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North Carolina Criminal Justice Information Network Governing

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					North Carolina Criminal Justice Information Network Governing Board Report

                              Submitted to the

           Senior Chair, Chairs, Co-Chairs, and Vice Chairs of the
               Senate and House Appropriations Committees

                                  and the

                Chairs, Co-Chairs, and Vice Chairs of the
Senate and House Appropriations Subcommittees on Justice and Public Safety




                                 April 2011
                                                  Table of Contents 
Executive Summary ........................................................................................................ 1
Strategic Direction & Recommendations ......................................................................... 3
Background ..................................................................................................................... 5
Governing Board ............................................................................................................. 8
     CJIN Governing Board Membership ........................................................................ 8
     CJIN Governing Board Financials ............................................................................ 8
     CJIN Governing Board ............................................................................................. 9
Updated Information Sharing Initiative .......................................................................... 10
     Executive Summary ............................................................................................... 10
     Background ............................................................................................................ 11
     Criminal Justice Technology and Information Updates .......................................... 12
     Local Law Enforcement Agencies/Record Management System Vendors ............ 14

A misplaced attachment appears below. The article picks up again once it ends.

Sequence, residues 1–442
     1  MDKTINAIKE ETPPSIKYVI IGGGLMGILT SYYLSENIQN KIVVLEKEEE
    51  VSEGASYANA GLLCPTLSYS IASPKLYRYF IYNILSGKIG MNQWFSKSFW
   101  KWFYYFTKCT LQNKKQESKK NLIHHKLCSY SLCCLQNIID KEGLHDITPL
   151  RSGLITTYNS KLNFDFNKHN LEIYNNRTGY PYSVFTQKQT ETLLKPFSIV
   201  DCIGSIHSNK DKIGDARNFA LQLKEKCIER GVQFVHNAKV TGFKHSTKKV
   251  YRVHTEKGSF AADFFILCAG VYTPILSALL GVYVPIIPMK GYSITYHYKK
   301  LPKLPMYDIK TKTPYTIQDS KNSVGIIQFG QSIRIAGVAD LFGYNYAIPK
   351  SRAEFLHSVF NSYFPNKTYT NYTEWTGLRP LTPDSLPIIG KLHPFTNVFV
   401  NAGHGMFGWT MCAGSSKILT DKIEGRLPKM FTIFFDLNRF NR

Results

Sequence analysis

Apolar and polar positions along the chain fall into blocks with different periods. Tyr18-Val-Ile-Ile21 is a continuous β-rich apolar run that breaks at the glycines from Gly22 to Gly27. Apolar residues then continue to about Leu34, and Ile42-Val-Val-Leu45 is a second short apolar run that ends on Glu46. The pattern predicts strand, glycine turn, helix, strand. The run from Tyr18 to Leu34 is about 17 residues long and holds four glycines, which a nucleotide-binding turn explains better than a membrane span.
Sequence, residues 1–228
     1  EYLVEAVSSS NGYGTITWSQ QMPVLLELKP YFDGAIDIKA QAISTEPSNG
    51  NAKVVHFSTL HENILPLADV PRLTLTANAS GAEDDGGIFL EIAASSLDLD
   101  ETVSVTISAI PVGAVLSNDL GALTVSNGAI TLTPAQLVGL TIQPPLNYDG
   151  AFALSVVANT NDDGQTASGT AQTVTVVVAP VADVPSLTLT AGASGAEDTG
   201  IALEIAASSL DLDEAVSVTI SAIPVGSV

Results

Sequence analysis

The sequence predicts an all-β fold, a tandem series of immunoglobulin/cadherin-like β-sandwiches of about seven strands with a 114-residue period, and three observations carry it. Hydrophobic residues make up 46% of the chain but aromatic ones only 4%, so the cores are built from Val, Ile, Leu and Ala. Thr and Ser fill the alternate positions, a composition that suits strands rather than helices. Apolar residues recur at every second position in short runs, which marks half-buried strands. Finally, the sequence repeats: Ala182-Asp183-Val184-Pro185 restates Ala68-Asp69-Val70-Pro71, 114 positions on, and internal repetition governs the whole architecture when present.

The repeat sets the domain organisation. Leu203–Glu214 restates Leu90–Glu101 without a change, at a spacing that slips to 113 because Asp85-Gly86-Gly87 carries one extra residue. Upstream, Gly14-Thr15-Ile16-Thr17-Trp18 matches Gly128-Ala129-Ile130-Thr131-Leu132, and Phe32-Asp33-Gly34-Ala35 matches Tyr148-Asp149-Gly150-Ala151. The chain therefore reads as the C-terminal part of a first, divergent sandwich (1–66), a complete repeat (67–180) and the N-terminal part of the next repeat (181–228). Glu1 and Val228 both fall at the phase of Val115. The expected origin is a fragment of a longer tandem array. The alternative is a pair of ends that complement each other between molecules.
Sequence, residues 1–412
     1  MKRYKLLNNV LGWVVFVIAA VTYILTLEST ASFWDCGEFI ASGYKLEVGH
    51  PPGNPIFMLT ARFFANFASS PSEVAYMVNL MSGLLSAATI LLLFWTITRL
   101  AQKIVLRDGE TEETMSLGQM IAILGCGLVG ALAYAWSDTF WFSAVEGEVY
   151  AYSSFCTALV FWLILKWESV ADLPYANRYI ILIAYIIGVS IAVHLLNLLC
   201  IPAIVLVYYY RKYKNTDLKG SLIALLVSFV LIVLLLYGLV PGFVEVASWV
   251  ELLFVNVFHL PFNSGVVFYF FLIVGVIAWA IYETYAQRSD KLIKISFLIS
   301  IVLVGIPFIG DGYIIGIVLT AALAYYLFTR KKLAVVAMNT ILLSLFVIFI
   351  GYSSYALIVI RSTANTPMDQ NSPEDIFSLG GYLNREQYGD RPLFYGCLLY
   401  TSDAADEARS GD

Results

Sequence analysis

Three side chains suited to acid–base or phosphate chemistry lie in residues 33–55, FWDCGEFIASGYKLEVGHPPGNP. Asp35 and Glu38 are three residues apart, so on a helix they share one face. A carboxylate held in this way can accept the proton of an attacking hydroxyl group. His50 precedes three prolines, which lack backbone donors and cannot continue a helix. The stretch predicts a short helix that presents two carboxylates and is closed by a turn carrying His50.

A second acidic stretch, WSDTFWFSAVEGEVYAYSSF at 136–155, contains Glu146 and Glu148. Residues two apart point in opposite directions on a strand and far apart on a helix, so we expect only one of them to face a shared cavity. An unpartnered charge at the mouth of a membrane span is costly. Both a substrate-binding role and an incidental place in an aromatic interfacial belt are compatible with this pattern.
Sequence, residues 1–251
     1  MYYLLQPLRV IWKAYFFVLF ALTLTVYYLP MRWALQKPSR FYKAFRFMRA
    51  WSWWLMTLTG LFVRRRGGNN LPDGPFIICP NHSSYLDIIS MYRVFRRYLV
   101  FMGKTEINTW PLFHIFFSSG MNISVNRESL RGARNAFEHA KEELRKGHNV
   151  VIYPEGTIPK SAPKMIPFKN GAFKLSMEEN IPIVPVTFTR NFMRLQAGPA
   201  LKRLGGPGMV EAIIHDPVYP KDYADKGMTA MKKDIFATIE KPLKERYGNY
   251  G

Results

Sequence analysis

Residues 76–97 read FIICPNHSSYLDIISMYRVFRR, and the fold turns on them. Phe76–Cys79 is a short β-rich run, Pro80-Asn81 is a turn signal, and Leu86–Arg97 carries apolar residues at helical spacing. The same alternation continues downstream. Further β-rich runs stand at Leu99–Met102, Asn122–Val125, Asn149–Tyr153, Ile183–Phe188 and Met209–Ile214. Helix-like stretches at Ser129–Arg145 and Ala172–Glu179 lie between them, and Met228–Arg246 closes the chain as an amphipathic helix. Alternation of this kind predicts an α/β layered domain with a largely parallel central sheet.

Agency/RMS Vendor/County/Information Sharing Chart ....................................... 16
     Analysis .................................................................................................................. 45
     RMS Vendor Workshops ........................................................................................ 47
     Financial Impact ..................................................................................................... 48
     Alternatives, Benefits, & Adverse Consequences .................................................. 49
     Summary ................................................................................................................ 51
     Recommendations ................................................................................................. 51
Updated Pawn Broker Transaction Study ..................................................................... 52
     Executive Summary ............................................................................................... 52
     Background ............................................................................................................ 53
     Study Bill HB 1282 ................................................................................................. 53
     State Statute - Chapter 91A ................................................................................... 54
     Property Crime ....................................................................................................... 59
     Analysis .................................................................................................................. 62
     Pawn Shop Statistics - Other States ...................................................................... 62
     National Pawn Association ..................................................................................... 65
     Letter - Pawn Broker Lobbyist ................................................................................ 66
     Existing North Carolina Systems ............................................................................ 67
     Other States and Large City Systems .................................................................... 78
     Summary of Analysis ............................................................................................. 82
     Recommendations ................................................................................................. 83
Activities ........................................................................................................................ 84